Mrs. Satan for President

As she passed around an article, our French conversation teacher suggested in a mild way, that we might find it controversial.

Controversial?  Sacré bleu!  That’s quite the understatement. 

I was blown away!

Since I grew up in England, where there is a vast sweep of British and European history, I learned very little American history until I moved to the US and settled in Concord, MA, where the first shot, under command, in the War of Independence was fired. (Or perhaps not, as folk from nearby Lexington claim!)  My American-born children were surprised that I couldn’t recite the list of US presidents or enlighten them on developments in the Civil War. The fact that I know the six wives of Henry VIII can tell them when and where the Magna Carta was signed and what Guy Fawkes was up to was of no consequence. And, until my French class, I didn’t know who was the first female candidate for the US Presidency. Do you?

As you know, I’ve written a few short stories and now a novel and wrestled to develop convincing characters. In the case of the first female candidate for the Presidency, truth is definitely stranger than fiction.

Victoria Woodhull, the seventh of ten children, was born in Ohio in 1838. Her mother was illiterate, and her father dallied with an array of dubious practices to try and scrape together a living, selling “snake oil” and committing arson.  At the age of eight, he promoted Victoria as a child preacher, and a couple of years later, Victoria and her sister, Tennessee, as spiritualist mediums. They earned more than the rest of the family put together at a time when people were hungry for contact with their relatives who had died in the Civil War. Victoria married Canning Woodhull at the age of fifteen, presumably to escape her unstable family, especially her father, who may have sexually abused her and certainly starved her and Tennessee. If that’s so, then it was a case of “out of the frying pan and into the fire” as her husband was a womanizer and an addict. Divorce, at the time, was utterly scandalous and, in some states, barely legal, but after eleven desperate years and two children, Victoria took this radical step. There are rumors that around this time, she and Tennessee ran a brothel. Victoria met and married James Henry Blood and, together with him and her sister, moved to New York for a fresh start. Once established, her knowledge of spiritualism brought her in the company of Cornelius Vanderbilt, who was hoping to get in touch with his dead mother. Cornelius had an affair with Tennessee and bankrolled both sisters in setting up a stock brokerage, the first women on Wall Street. They were also the first women to set up a newspaper (in 1870), the “Woodhull and Claflin Weekly.”  It became a very popular publication and gave Victoria the ideal platform to promote her ideas on equality, free love, spirituality, and labor relations. Her many speaking engagements included an address to Congress where she argued there is a constitutional basis for voting rights for all men and women. Inevitably, she came to the attention of the suffragists, including Susan B. Anthony, who first courted and then spurned her once Victoria’s shady background and her extreme views and choices regarding free love became known. There was general uproar, and “Harpers Weekly”  went so far as to publish a cartoon of Victoria decked with horns and black wings denouncing her as “Mrs Satan.” She made the feisty declaration that she intended to run for the Presidency in her newspaper.  Was she serious? Apart from the minor issue of being a woman, she wasn’t old enough at thirty-four to hold the office. Did she aim to re-energize voting rights?  We cannot tell as she was languishing in jail the night Ulysses S. Grant was re-elected.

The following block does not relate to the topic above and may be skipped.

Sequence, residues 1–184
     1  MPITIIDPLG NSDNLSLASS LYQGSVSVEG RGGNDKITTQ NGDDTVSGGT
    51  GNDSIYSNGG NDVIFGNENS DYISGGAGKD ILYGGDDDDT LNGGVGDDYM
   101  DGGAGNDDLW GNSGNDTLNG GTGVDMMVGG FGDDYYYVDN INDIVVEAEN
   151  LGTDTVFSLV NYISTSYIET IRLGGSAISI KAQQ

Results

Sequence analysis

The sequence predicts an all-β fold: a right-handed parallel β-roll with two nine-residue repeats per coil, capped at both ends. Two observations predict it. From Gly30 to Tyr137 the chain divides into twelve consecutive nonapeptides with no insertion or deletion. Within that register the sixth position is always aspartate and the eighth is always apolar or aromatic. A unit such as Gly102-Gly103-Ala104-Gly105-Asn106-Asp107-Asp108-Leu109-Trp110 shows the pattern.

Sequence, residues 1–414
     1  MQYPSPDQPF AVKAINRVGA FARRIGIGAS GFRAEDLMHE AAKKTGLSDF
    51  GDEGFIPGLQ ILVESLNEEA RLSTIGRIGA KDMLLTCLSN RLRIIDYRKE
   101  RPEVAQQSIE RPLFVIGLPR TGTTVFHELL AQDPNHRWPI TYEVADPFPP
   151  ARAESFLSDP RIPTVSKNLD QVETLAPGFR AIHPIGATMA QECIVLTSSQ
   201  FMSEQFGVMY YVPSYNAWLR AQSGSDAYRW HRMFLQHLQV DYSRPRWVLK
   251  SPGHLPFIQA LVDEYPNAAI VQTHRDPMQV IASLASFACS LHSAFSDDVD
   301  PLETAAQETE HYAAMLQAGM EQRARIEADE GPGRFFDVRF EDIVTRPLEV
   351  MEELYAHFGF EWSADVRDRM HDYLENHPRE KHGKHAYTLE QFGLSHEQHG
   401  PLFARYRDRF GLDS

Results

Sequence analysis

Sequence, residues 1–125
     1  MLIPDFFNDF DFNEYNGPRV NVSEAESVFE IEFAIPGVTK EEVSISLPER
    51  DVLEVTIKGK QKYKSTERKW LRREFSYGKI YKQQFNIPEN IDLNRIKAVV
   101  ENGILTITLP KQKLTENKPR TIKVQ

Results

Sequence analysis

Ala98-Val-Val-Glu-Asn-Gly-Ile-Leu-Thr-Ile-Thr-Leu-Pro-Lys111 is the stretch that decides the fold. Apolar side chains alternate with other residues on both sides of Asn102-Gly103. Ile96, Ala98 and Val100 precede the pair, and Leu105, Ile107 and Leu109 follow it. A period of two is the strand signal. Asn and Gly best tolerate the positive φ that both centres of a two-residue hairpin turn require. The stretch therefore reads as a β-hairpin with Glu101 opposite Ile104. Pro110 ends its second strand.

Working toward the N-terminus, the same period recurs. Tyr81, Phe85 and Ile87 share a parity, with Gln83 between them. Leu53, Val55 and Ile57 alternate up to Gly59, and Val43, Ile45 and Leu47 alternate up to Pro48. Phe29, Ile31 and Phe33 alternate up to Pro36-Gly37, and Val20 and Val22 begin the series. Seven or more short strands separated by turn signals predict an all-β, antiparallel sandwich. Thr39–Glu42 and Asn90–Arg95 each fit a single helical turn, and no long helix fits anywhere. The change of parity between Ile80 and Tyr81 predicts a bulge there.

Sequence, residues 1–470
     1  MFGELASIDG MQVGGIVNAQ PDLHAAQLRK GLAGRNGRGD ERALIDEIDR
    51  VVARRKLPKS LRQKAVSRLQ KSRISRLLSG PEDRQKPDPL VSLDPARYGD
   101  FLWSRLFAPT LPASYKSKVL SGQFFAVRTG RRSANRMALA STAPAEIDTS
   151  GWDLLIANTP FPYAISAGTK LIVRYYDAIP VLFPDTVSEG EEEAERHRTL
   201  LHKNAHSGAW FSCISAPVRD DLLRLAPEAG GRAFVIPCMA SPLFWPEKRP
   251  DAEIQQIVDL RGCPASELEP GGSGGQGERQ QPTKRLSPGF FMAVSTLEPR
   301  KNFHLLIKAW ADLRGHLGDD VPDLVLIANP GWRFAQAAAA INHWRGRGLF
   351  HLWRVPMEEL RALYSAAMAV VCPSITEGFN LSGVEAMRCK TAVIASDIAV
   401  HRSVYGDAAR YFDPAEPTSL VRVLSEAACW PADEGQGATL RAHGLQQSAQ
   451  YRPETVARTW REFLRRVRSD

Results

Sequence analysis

Concerned that there were different sexual norms for men and women, Victoria exposed pastor Henry Ward Beecher’s affair with Elizabeth Tilton  in the “Woodhull and Claflin Weekly.” There was a public outcry, and polite society was appalled – not at the adulterous, hypocritical reverend (who apparently had engaged in several such liaisons), but with Victoria’s audacity in suggesting such a state of affairs. Court cases ensued; the sisters were imprisoned and, although found innocent, were bankrupted. The moment had arrived to escape poverty and infamy. Where better to flee than the refined parlors of English society?

Quite how the transformation was achieved and, despite snubs from some circles, both sisters made highly advantageous matches, and settled into lives of at least outward conformity.  Victoria retired to the English countryside where she died aged eighty-eight.

What are we to make of this woman who, in her early years, defied convention who, in spite of a meagre education, ran two successful businesses in a world dominated by men, was a cogent speaker, addressing Congress, and who was unafraid to confront inequality and wrong-doing. I am made of far feebler stuff, and I suspect I would not have much liked Victoria, but I cannot help but admire her spirit and courage and hope that when we do finally have a female President, she combines these qualities with diplomacy and compassion.


News Flash!

A Glass Darkly

Together with Transcendent Publishing, we are making very good progress. Soon, we’ll be working on internal design, an alternate cover, and a marketing strategy.
Watch out for more updates next month.

End Notes


The Branches We Cherish by Linda Sexton

The Branches We Reach
Linda Sexton


The Biggest Little Farm

Jean Goulden at New Vision


Cheap Flights
Fascinating Aida

Victoria Wood


The White Town
Daljit Nagra

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